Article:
Fortunately, most banks allow for a chargeback, if the user reports the debit card loses promptly, and the fraudster fails to provide the right billing address.

Some companies may not accept debit cards, instead preferring users to pay via credit cards, because banks charge them higher fees when users use debit cards to make payments.

Debit cards expire after a certain period, which appears on the front side of the card, after which the user must apply for a replacement card.

Some banks may charge you a debit card maintenance fee monthly or annually, while others may only charge you a fee when you renew your debit card.

The fact that debit cards typically have daily purchase limits also ensures you cannot spend too much money with the card within a short time. Some credit cards also offer valuable reward programs. For example, they can give you discounts on your purchases.

3. Credit Report

This is a detailed report showing the credit history of an individual. Banks rely on these reports to determine the creditworthiness of anyone seeking a loan facility. Credit reports are typically divided into the following 4 sections:

Section One

The first section contains the customer’s personal information.  In some cases, you may also find variations of the client’s Social Security number or name. This happens if a lender or another entity incorrectly reported the information.

Section Two

After the top section, you find precise details on lines of credit. The tradelines or lines of trade often form the bulk of the report.

Section Three

This is where public records typically appear. If there are issues on judgments, tax liens, and bankruptcies, you find them here.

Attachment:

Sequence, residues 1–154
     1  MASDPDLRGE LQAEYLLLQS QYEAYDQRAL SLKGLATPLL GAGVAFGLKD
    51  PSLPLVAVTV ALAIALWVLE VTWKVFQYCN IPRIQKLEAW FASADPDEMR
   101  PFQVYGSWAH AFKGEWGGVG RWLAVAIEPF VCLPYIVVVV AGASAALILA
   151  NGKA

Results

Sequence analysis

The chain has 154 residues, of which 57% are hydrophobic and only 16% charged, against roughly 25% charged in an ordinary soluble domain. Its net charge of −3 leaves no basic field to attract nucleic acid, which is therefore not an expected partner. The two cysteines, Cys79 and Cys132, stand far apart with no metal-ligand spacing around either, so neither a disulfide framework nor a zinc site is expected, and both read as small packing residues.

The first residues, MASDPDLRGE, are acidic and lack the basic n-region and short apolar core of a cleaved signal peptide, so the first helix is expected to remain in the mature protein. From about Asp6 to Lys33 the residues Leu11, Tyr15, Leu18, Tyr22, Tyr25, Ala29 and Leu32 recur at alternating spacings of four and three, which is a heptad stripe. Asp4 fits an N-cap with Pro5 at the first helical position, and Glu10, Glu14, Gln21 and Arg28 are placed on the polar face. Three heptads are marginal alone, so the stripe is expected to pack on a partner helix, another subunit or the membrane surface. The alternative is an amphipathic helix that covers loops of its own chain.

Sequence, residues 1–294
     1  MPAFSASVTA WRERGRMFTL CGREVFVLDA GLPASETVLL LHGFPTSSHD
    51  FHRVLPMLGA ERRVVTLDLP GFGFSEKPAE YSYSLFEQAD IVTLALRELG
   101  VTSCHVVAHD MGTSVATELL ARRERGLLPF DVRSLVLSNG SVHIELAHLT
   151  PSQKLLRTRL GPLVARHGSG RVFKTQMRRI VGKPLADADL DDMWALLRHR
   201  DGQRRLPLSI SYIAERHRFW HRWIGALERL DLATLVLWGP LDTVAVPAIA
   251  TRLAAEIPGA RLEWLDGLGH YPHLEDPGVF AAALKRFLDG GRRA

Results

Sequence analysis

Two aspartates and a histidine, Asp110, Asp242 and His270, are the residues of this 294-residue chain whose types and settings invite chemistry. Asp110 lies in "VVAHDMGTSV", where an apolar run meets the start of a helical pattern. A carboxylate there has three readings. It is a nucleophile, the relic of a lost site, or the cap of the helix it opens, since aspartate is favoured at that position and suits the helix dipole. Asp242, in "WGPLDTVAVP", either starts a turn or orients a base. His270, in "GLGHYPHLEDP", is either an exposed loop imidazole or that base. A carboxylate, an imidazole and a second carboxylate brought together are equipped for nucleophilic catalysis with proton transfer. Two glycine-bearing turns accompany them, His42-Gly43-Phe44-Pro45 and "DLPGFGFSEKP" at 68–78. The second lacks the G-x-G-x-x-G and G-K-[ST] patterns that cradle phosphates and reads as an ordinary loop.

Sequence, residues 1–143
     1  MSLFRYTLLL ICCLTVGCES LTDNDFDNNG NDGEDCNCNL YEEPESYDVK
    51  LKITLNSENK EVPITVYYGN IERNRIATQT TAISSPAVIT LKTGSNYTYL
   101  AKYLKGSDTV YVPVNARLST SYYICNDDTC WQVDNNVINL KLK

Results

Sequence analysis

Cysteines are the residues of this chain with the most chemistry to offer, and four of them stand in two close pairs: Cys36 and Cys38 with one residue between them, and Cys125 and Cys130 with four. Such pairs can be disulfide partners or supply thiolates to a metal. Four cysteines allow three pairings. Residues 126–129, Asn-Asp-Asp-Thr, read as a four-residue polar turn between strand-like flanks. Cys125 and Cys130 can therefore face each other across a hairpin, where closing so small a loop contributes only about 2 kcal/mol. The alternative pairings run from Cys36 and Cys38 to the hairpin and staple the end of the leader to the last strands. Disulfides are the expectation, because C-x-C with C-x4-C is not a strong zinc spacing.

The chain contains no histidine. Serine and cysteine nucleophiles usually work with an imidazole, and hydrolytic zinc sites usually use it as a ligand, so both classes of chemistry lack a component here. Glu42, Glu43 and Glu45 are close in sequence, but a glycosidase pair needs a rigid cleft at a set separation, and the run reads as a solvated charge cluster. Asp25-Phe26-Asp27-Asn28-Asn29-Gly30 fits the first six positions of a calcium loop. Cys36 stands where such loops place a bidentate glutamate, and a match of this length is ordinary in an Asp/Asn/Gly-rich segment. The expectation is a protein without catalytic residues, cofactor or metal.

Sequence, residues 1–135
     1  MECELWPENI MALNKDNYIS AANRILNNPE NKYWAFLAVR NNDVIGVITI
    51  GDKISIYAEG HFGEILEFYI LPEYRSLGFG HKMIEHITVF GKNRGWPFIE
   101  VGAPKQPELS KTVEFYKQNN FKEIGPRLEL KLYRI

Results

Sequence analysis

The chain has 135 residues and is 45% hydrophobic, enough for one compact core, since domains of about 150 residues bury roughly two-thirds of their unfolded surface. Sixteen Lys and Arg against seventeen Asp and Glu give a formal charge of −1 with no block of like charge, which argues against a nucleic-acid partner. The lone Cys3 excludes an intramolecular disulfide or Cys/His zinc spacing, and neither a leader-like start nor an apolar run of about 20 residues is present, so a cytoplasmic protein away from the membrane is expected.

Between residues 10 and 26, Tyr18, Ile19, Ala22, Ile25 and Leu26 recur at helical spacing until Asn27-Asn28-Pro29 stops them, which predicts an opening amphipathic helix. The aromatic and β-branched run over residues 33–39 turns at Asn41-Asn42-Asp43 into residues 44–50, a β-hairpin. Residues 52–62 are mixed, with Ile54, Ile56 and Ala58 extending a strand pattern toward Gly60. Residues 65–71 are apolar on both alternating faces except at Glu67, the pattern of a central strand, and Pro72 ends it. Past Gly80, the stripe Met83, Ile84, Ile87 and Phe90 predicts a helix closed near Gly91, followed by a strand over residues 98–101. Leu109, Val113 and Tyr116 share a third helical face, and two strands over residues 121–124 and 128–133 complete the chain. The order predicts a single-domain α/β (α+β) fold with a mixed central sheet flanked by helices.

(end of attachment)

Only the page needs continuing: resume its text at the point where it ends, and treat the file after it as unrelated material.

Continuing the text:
Section Four

You find the entities that recently requested to see the report for any reason at the bottom of a credit report. For example, when you apply for personal loans, the records appear here. Another document closely related to the credit report is a Soft Probe. A Soft Probe is a document banks prepare and use to indicate a customer’s creditworthiness. Banks also use the document to confirm whether a given customer’s account is in good standing.

4. Bank Statement

The bank statement is a financial document used in the banking sector to show a summary of account transactions. The document is usually prepared every month and takes into account transaction details in a deposit or a credit card account.  The statement contains particulars such as date, type of transaction, amounts involved, and the balances. Bank statements are incredibly useful documents for any business or individual. You can use the document in the following ways:

  • Check your bank balance and reconcile your accounts
  • Identify errors or fraudulent activities
  • Track your income and expenditure
  • Get to know your net worth
  • Help you to document your finances

5. Loan agreement form

The Loan Agreement form is one of the most commonly used documents in the banking sector. Whenever one needs to apply for a loan, the bank will provide the loan agreement form to be filled by the borrower and verified by the lender. A bank will rely on other documents to establish the creditworthiness of the borrower. The loan agreement form contains a commitment to a repayment schedule and may include collateral in case of an inability to pay.